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Effective Anti-Corruption Compliance in India

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Effective Anti-Corruption Compliance in India Powered By Docstoc
					Effective Anti-Corruption Compliance in India
A Pepper Hamilton Webinar

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Feel free to submit text questions throughout the webinar


Valérie Demont Partner Pepper Hamilton LLP


Gregory A. Paw Partner Pepper Hamilton LLP


John G. Rahie Managing Partner Freeh Group International


Anti-Corruption Enforcement Is At All-Time High
• Enforcement authorities around the world are increasing anti-corruption investigations and prosecutions • U.S. prosecutors have been particularly active:
– Siemens - $800 million (2008) – KBR-Halliburton - $579 million (2009) – More cases in past five years than in the prior history of the statute – Over 120 current open cases

Enforcement Expands Outside U.S. • OECD Convention on Combating Bribery of Foreign Public Officials in International Business • 38 countries have adopted • Some countries aggressively enforcing • India has not yet ratified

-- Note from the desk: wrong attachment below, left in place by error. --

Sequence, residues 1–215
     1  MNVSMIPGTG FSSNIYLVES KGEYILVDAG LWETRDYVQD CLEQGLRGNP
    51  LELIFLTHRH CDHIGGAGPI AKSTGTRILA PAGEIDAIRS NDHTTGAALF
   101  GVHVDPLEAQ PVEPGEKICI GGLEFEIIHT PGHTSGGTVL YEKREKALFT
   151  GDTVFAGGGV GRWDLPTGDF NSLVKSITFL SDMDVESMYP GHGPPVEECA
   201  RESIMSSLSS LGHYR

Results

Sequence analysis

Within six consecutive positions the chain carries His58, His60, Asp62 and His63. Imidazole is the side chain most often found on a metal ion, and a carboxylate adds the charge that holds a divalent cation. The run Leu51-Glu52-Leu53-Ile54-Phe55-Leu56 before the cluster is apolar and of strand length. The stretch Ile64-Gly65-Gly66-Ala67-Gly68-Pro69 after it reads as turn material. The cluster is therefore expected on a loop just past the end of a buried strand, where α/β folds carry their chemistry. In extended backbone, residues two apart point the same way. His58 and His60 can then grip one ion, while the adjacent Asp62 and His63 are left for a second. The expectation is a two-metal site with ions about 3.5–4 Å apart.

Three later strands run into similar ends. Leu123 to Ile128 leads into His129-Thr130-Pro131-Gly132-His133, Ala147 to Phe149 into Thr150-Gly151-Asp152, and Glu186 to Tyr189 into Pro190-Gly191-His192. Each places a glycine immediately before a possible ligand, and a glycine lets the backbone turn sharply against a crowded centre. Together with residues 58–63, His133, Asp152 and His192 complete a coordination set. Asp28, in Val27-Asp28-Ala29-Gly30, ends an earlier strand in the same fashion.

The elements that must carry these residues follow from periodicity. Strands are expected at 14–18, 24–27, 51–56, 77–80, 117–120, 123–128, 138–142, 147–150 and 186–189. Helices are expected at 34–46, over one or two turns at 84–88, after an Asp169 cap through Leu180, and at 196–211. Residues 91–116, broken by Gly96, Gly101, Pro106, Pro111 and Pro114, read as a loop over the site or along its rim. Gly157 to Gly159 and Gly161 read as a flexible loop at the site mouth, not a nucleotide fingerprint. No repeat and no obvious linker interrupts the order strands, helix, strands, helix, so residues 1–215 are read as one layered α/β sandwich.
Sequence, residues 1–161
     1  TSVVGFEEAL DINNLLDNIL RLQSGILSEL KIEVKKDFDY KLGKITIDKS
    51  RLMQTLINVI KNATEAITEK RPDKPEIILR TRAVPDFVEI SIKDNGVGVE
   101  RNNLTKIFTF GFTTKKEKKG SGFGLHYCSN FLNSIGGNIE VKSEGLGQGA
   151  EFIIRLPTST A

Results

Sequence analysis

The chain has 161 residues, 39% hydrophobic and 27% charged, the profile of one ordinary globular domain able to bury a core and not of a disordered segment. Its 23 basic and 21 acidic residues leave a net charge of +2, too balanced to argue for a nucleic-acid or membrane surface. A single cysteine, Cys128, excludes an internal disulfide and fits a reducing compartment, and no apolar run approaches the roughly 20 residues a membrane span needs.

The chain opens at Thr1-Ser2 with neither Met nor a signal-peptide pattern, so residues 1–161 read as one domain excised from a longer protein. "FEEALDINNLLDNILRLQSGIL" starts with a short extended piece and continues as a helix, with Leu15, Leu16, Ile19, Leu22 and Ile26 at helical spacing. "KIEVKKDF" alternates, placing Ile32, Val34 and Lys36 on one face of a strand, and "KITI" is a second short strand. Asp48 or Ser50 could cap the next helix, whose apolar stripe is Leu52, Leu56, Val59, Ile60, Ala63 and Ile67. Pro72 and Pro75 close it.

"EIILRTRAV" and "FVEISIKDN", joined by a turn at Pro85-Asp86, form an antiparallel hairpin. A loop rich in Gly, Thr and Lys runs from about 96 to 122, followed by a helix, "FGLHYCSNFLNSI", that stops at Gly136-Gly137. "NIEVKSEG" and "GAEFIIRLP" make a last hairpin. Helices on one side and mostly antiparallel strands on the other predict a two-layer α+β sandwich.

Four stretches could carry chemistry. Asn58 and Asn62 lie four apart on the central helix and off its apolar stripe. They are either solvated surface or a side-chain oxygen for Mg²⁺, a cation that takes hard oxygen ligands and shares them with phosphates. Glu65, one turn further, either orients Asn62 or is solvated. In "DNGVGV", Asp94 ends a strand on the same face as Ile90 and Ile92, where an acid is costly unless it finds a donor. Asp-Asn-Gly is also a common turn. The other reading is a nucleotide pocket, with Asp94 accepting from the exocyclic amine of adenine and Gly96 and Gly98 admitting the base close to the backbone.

FCPA Enforcements of Companies Doing Business in India • Control Components (2009) • Westinghouse Air Brake Technologies (2008) • York International (2007) • Chandramowli Srinivasan – A.T. Kearney Ltd. – India (2007) • Dow Chemical Company (2007) • Textron (2007)

Anti-Corruption Enforcements Against Companies from India • World Bank debarment of Satyam Computer Services, Wipro Technologies, and Megasoft Consultants (2007-09) • Chilean investigation of Tata Consultancy Services (2008) • UN Oil-for-Food program – 120 Indian companies cited in UN Report (2005)

Indian Anti-Corruption Enforcement Efforts
• India Prevention Of Corruption Act
– Punishes “public servants” who accept or agree to accept “any gratification” as a reward for doing or forbearing to do any official act
• “Public servant” broadly defined, and includes employees of government-owned or governmentcontrolled entities • “Gratification” not restricted to pecuniary benefits

– Punishes abettors of the offense – No exception for facilitating payments


Current Trends